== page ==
For two decades, the contemporary jazz quartet known as Fourplay has enjoyed consistent artistic and commercial success by grafting elements of R&B, pop and a variety of other sounds to their unwavering jazz foundations. In the course of a dozen recordings—six of which have climbed to the top of Billboard’s Contemporary Jazz Album charts – the supergroup has continued to explore the limitless dimensions and permutations of jazz while at the same time appealing to a broad mainstream audience.
The Fourplay story begins in 1990, with keyboardist Bob James, who had already established himself as a formidable figure in keyboard jazz – not just as an instrumentalist but as a composer and arranger as well – with solo recordings dating as far back as the mid 1960s. In 1990, James reunited with his old friend, session drummer, producer, composer & recording artist Harvey Mason (Herbie Hancock, Barbra Streisand, Notorious B.I.G.), during the recording of James’ Grand Piano Canyon album. Also involved in the project were guitarist Lee Ritenour (Sergio Mendes) and bassist/vocalist Nathan East (Barry White, Eric Clapton, Phil Collins).
The Grand Piano Canyon sessions marked the genesis of the group that eventually came to be known as Fourplay. Their self-titled debut album was released in 1991, and included a blend of jazz, R&B and pop.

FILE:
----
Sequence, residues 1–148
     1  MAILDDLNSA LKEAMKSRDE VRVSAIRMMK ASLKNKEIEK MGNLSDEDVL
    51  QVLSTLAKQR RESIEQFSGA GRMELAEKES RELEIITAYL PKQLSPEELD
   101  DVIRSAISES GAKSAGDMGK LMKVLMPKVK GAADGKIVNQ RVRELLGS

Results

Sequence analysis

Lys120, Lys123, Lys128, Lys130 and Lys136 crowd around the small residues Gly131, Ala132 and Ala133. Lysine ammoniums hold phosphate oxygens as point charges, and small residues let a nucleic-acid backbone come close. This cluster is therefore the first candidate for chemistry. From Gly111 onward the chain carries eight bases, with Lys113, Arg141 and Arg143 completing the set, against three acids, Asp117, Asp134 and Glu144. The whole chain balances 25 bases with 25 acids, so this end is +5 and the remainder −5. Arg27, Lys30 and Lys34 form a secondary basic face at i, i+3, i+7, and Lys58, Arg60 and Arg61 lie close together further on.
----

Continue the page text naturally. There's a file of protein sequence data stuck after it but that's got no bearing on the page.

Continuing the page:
The original lineup of James/Ritenour/East/Mason stayed together for three successive albums, including Elixir (1994), a set that features some high-profile guest vocalists: Phil Collins, Patti Austin and Peabo Bryson. East also delivers some noteworthy vocal contributions on Elixir, and has continued to do so throughout most of Fourplay’s subsequent studio outings.
Ritenour, whose guitar work in tandem with James’ keyboards served as the cornerstone of the early Fourplay sound, left the lineup in the mid-1990s and was replaced by Larry Carlton (The Crusaders, Joni Mitchell, Quincy Jones). Carlton made his first studio appearance with the band with the release of 4 in 1998. 4 included compositions by all four members, as well as an impressive crew of guest vocalists: El Debarge, Babyface Edmonds, Kevyn Lettau and Shanice.
Following the 1999 release of Snowbound, a mix of traditional and contemporary holiday songs, Fourplay shook things up a bit with Yes Please!, an album that challenged the standard definitions of contemporary jazz by incorporating elements of blues, funk and even Celtic music. JazzTimes critic Hilarie Grey called Yes Please! “an expansive album that incorporates each artist’s strengths, and in the process travels in some unexpected directions.” Grey added: “Yes Please! works where similar projects fail simply because it lets its artists play, without imposing artificial boundaries.”